“Good Teaching…?”

CB064071What is “good teaching”? There is one class of people who would name their favorite pastor, or conference speaker to answer that question. (Usually based upon how that person measures up on the laughter meter, or how “deep” & theological that person can dive with their eloquent sermons) Others would say that “good teaching” is a non-negotiable when searching for a “church home”. Many venture out on a journey to find a church with “good teaching”, never to find what they’re looking for. The sad thing is that the phrase “good teaching” is usually measured with an improper “scorecard”. It is usually a question of, “good entertainment”, or “did the person on the stage say anything in particular that caused me to perk up in my seat-based upon excitement, or conviction?” Or, “Did the sermons elicit any emotional response?” What then, really, is “good teaching”, and how can we shift our minds away from an inaccurate perception to a healthy, Biblical one?

My friends Tony & Felicity Dale, along with the help of George Barna, have recently come out with a book I have been reading called, “The Rabbit & the Elephant”. As soon as I am finished reading the book I will be posting a more extensive “review” if you will. Today, however, I wanted to share with you a bit of what the authors have to say about this topic of “good teaching”. I need not add anything to their words…

“Let’s look at the Apostle’s teaching first. If our simple churches are going to multiply rapidly, we no longer have the luxury of taking several years to train a Bible teacher. Anyway, the goal is not a few gifted teachers but a lot of hungry learners. Paul the apostle faced this dilemma as well-in some instances he was forced to move away from the new believers almost immediately. For example, in Philippi he only ‘stayed there several days’ (Acts 16:12, NIV). Therefore, we like to use an approach that allows the Bible to teach itself, enabling even young believers to lead. In New Testament times, teaching was far more interactive. For instance, the word used for Paul’s lengthy teaching in Ephesus is the Greek word dialegomai, from which we get our word ‘dialogue’ (Acts 20:7). Jesus’ informal teaching was frequently discussion-based and interrupted by questions He either posed Himself or was asked by others. Evangelical Christians tend to emphasize the importance of good teaching, but we believe that this is missing the point of helping people to genuinely learn Scripture and apply it to their everyday lives. Statistics show that we learn far more by actively participating than we do by hearing alone. People remember approximately 20 percent of what they hear, 50 percent of what they see and hear, and 70 percent of what the say themselves. In simple church, everyone is involved in the learning process. More than once, we have had people tell us they have learned more in just a few months of simple church than in years of listening to good sermons!”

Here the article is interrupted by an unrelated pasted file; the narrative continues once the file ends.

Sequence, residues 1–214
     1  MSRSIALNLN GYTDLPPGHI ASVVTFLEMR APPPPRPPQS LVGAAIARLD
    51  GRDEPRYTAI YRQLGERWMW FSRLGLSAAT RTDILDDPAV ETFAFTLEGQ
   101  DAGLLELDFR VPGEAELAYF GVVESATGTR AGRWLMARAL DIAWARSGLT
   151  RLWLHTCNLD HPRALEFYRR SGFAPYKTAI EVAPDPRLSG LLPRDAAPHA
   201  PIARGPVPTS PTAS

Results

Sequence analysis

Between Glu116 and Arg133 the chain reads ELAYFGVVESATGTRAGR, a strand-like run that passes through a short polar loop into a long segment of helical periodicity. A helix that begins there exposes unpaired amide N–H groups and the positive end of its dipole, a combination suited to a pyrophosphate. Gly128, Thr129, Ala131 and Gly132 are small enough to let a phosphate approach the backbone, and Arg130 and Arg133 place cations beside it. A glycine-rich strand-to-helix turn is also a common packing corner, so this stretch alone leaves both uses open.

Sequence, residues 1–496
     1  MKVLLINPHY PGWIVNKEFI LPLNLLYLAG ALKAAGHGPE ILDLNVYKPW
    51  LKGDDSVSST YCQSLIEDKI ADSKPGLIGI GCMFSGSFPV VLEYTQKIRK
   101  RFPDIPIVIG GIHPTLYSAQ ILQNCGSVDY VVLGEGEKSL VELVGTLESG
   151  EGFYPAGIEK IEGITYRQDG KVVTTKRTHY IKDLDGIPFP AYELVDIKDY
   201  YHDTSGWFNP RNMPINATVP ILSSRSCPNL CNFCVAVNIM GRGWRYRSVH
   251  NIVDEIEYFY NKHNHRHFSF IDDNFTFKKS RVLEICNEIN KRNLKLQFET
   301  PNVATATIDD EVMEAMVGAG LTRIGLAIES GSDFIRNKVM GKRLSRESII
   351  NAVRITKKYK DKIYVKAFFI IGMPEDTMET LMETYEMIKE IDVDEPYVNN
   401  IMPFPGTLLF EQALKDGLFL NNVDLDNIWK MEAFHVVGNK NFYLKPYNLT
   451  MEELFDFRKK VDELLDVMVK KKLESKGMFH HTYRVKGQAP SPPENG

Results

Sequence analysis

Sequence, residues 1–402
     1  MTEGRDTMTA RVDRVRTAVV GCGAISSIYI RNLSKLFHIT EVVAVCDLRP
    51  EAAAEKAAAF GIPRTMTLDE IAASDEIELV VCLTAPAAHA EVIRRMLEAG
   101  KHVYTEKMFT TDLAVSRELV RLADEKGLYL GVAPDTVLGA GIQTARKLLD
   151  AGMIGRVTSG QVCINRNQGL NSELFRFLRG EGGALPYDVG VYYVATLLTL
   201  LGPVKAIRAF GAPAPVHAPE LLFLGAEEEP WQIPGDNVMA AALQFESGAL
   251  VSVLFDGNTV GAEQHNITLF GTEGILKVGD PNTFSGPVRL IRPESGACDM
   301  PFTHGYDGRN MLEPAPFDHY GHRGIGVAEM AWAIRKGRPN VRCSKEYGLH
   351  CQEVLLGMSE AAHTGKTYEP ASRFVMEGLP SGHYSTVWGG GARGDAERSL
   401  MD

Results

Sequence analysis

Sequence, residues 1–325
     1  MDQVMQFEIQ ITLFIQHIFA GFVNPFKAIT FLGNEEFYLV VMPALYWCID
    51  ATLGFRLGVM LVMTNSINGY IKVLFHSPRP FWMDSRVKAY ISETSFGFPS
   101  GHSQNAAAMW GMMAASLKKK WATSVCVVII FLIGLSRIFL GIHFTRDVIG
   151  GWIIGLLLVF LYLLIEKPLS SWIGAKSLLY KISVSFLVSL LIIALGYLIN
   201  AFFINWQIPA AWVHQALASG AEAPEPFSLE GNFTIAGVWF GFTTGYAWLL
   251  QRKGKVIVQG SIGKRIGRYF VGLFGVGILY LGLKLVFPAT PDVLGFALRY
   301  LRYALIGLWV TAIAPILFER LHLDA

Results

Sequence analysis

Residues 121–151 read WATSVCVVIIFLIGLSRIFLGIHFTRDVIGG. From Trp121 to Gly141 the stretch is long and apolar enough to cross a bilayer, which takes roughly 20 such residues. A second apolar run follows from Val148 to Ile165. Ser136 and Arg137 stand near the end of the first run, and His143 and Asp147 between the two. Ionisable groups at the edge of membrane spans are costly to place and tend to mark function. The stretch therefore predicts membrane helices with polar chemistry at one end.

The authors then go into a few methods of scripture study and teaching they’ve experienced in different simple churches, but you’ll have to get the book if you want to learn about those! Many evangelicals get worried that this type of teaching is dangerous, and allows potential heresy to creep in…